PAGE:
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Written By

John Vancil

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Written By

John Vancil

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February 8, 2017

Recently, I had the opportunity to observe a steering committee meeting for an enterprise IT project which brought back to mind some lessons learned along the way through my career – and not because the meeting went well!

The steering committee had the typical structure:

  • Led by a senior “C” level executive; he carries a very no nonsense, nuts and bolts, black and white approach to his world.
  • Another Vice President
  • Two department directors
  • There were also other team members on the phone from overseas and various other locations in the US.
  • My role was to be an outside observer/commenter, and as it turned out, to provide my evaluation of the meeting.

The meeting was scheduled for one hour, and even before it started, I had a bad feeling. The only item that had been distributed prior to the meeting was a pretty high-level agenda.

Things started well enough, with introductions and small talk. The senior executive asked that we get going.

It was downhill from there.

The project team started by sharing that the budget expense rate was burning faster than the project completion rate by a few percent. This caused a question to be asked… which was not answered in a confident and clear manner, and the resultant discussion absolutely derailed the meeting.

I will not go into all of the awkward, painful details, but suffice to say that by the time we were twenty minutes into this meeting the senior executive called a halt to proceedings (quite rightly), expressed his displeasure, and directed the team to get their act together and come back in two weeks to try again.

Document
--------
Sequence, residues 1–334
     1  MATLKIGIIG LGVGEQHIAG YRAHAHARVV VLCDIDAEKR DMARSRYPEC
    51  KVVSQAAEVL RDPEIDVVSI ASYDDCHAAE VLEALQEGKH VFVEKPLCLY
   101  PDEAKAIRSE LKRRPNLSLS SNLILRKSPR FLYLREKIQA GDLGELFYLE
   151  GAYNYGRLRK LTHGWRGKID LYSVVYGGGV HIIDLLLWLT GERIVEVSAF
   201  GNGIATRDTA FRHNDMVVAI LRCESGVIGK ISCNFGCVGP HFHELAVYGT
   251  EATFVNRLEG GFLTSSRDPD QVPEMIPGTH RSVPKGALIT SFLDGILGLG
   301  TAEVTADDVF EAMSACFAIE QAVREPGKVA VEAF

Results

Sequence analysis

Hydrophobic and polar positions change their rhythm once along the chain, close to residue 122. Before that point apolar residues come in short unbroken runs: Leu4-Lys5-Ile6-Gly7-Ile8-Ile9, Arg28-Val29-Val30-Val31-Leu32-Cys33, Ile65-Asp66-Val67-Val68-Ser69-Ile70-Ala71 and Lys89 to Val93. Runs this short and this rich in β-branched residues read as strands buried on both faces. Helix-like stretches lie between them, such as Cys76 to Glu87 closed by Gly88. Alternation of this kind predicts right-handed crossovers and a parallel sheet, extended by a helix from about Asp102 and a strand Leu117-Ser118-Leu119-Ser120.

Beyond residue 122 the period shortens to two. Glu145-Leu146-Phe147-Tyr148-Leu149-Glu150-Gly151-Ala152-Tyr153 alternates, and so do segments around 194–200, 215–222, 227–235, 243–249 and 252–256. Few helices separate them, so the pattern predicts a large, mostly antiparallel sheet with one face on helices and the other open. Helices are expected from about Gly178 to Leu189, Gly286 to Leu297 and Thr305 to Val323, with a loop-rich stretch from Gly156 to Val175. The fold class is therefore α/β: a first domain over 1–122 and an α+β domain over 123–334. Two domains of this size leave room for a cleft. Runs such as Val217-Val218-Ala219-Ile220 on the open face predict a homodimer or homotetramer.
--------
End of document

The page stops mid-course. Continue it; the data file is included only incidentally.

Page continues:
So what happened?

In a nutshell, there was a lack of clear information and structure to the meeting, combined with a lack of a designated leader from the project team. This, combined with a lack of preparatory information prior to the meeting, left the committee with no reasonable way to have an effective discussion.

A steering committee exists mainly for two reasons:

  • The first is to make sure that an experienced, senior group of leaders within the company has clear visibility to the project or activity so that they can provide guidance from a holistic, company perspective. (It turns out that folks who are heads down executing a project can lose sight of the strategic and guiding principles under which the project operates.)
  • The second is to provide a point of escalation to the project team when they cannot agree on a decision or choose a direction.

Given their purpose for existing, a steering committee wants to understand three topics:

  • Understand very clearly, what is going on in the project.
  • Understand where there are constraints or blockers that the team has not been able to overcome.
  • Understand what decisions the team needs help with.

How can we help the steering committee?

First, identify the person who will hold responsibility for ensuring that the agenda and handouts are completed for the committee. Many times this would be the project manager, but it could also be a senior leader on the project team as well. This person does not necessarily prepare all of the documentation, but they are responsible for making sure it is prepared, is accurate, and is complete. In addition, this person will lead the committee meeting.

Second, develop a clear, consistent agenda to be followed at every steering committee meeting.